(Ballard Designs photos)
Tempus fugit is a Latin expression first recorded by Roman poet Virgil. The translation from Latin says:
“Time flees irretrievably, while we wander around, prisoners of our love of detail”.
Tempus fugit inscription was first seen on a sundial, today is found often on clocks. Up until the Babylonian invented the sundial, later perfected by the Greeks, people measured time with the raising and fall of the sun; with the change of weather they could tell what season they were in.
The need to have a device that would measure time rose in the Middle Age, around the 1300s when people’s life started to revolve around the concept “time is money” and if they could measure time they would know in a precise way how to dedicate the best time of the day to a productive work, when to stop for eating, when to return to work and when the day was over. Before the advent of clocks these tasks were measured by feelings, if they felt hungry they ate and if they felt tired they stopped.
The first clocks, mostly made of iron and very heavy in weight ended up on church towers to mark the church functions, the monks’ performances at different hours and to call in the faithful to take part of the religious life. The mechanical clocks came about three centuries later along with the pendulum and grandfather clocks, which we still enjoy in home décor today.
Many European countries invented each their own style of clocks, some were incased in beautiful wood species, furniture, or metal, some hung on the wall, some were made as table clock or fireplace mantel clock, some were lantern clocks surmounted over a large bell and some were even portable. One example of a portable clock, the musk-ball watch, struck me in particular. It had the shape of a ball with many holes pierced to let out the scent of herbs contained inside. The belief was that carrying herbs on the body would fight infection and certainly some stench, I agree with the latter, but why attach it to women’s girdle and not on top of the dress? It would have been easier to hear and see the time when the musk-ball watch would strike the hour with a sound. Curious, spicy episodes fill history and I am curious to learn them all.
Going back to Tempus Fugit, our perception tells us time flies, but time is space doesn’t exist. Often people waste time with nothing in particular, importance or urgency at any given moment. We know that time wasted is not recyclable and we feel guilt when we do waste it. However, I think that to allow some “nothing” time it is beneficial for our well-being and mind health, but only if we know how to balance nothing time with working time and achievements of the day.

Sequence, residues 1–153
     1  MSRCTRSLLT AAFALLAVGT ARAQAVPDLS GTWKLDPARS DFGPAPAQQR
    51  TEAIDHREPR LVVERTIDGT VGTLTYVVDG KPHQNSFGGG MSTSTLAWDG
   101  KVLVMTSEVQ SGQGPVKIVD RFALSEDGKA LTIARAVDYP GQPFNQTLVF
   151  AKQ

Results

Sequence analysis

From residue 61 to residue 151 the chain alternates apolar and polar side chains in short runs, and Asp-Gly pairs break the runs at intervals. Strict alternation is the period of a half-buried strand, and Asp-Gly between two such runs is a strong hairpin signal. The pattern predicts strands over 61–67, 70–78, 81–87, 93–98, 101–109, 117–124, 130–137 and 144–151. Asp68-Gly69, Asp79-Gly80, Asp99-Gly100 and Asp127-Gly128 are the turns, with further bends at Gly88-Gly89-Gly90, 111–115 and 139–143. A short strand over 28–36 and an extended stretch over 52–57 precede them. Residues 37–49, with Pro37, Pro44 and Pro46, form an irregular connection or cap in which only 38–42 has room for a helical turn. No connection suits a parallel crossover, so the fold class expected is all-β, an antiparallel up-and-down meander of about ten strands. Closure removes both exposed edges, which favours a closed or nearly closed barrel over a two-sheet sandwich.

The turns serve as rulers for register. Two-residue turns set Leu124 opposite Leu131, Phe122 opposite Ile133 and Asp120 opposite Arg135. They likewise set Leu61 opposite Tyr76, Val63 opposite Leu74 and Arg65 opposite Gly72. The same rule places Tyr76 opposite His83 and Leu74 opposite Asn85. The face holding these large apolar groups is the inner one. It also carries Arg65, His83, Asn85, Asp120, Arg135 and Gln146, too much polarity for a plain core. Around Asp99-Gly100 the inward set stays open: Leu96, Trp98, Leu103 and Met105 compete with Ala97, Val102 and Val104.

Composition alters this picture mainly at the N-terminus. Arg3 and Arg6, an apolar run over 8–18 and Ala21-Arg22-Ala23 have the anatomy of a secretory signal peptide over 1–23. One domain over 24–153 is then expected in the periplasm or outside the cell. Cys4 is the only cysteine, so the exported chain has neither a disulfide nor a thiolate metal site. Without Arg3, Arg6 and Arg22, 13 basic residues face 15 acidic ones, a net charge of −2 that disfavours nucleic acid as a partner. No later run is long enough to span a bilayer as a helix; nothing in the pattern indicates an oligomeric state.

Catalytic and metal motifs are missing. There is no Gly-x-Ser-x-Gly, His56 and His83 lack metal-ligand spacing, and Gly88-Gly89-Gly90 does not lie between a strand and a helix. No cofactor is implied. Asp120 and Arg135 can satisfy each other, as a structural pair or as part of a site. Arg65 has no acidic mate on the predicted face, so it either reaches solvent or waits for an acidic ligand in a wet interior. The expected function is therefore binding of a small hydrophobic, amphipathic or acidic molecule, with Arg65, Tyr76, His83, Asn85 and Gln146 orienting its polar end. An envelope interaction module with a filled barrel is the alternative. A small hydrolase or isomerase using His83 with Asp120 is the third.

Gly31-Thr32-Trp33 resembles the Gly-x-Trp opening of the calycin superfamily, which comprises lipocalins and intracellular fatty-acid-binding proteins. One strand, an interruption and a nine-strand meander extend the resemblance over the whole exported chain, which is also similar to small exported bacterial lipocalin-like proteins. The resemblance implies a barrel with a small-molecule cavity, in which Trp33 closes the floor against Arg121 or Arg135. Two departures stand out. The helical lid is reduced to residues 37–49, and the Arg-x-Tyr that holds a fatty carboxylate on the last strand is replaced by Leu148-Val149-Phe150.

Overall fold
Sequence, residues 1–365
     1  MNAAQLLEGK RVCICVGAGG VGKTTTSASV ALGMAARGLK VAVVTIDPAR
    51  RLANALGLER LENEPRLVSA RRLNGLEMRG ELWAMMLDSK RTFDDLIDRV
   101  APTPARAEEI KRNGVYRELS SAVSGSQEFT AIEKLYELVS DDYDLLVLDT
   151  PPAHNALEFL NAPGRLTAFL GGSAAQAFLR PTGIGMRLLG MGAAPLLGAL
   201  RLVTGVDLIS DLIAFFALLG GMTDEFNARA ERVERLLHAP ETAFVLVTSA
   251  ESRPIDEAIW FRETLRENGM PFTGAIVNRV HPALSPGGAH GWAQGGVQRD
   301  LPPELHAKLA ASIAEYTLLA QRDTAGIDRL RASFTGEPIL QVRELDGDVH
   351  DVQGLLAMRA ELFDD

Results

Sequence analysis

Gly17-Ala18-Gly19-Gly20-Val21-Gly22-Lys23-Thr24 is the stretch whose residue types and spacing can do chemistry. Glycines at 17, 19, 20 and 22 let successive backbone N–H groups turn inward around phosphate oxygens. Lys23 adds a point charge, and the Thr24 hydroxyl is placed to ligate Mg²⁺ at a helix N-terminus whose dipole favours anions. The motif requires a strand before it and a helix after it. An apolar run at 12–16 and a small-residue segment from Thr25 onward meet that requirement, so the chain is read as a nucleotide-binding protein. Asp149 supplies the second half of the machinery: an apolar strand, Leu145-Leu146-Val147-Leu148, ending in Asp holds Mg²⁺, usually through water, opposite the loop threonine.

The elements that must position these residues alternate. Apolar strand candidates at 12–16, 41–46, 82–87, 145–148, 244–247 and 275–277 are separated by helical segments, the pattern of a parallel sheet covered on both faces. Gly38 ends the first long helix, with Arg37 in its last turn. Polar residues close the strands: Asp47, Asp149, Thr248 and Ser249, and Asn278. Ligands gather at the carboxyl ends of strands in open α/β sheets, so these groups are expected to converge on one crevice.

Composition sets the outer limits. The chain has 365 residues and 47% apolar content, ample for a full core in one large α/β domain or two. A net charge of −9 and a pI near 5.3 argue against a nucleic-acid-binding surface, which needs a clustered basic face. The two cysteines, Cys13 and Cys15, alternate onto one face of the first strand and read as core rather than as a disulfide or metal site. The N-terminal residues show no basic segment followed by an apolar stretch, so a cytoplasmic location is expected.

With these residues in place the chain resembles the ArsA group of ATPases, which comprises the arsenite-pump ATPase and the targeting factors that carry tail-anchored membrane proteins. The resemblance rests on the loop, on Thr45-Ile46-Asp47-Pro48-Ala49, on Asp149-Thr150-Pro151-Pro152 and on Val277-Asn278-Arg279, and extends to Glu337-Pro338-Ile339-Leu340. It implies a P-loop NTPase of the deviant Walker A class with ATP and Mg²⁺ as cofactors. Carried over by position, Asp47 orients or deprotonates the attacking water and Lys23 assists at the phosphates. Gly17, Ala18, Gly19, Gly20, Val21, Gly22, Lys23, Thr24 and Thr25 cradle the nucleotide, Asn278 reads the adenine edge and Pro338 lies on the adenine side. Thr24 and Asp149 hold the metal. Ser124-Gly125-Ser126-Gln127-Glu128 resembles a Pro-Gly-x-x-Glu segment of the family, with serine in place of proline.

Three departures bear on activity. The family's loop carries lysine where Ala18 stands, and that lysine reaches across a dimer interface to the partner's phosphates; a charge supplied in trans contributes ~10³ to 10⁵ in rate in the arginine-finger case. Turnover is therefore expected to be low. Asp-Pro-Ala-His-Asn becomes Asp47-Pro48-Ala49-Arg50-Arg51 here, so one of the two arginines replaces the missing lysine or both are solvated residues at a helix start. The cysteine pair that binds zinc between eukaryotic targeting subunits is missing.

I read this fascinating article on “What is Time?” http://www.wired.com/wiredscience/2010/02/what-is-time/
Physicist Sean Carroll in explaining his theory of what time is, talks about the idea of entropy, a measure of how disorderly things are in the Universe, which started 13.7 billion years ago in a state of a perfect order, in a very low entropy and now looks like a giant mess in a high state of entropy.
We record time by recording the past, that’s our memory of time, today is still in the making, thus time really doesn’t matter yet and tomorrow doesn’t exist.
As Deepak Chopra says: “Today is a gift that’s why is called Present”.
We cannot trap time even if we try to measure it with clocks that can only mark the passing of our days and our activities. We can only follow time and be happy to live it, hopefully in full.
If we ought to decorate with clocks, how would we use them? In my house I have clocks everywhere, not because I am worried about time passing, but because I like to collect them. Each marks a different time, that’s my way of fooling time, or fooling myself, either way works for me.
A large clock in a small entry will definitively make a statement; a clock in a studio room will remind you to get up from the desk every seventy-five minutes and do office stretches; a mud room space with a clock will send a message that it is time to neatly tidy it up; a bedroom with clocks hanging from the ceiling speaks playtime, but what I really like is to fill up a wall with all bunch of clocks without any rule, in a high entropy just like the state of the Universe today. This would be a composition of clocks that doesn’t really tell time, but it reminds you it is time to be playful and to keep up with what matters the most in life.
I thought you might enjoy the Clocks by Coldplay: http://youtu.be/XbI1FpLd4Vk
As the professional who is always ready, I shall be prompt and ready to help you with any of your holiday needs, whether it will decorating, designing, or remodeling. Let me know by leaving your name down below, in which area you would like me to help you. Ciao,
Copyright © 2011 Valentina Cirasola, All Rights Reserved
Valentina Cirasola, is the principal designer and owner of Valentina Interiors & Designs. She is a trained designer and has been in business since 1990. She works on consultation and produces design concepts for remodeling, upgrading, new homes, décor restyling and home fashion. “Vogue Italy” magazine and many prominent publications in California featured Valentina’s work. She also has made four appearances on T.V. Comcast Channel 15.
She is the author of three books available on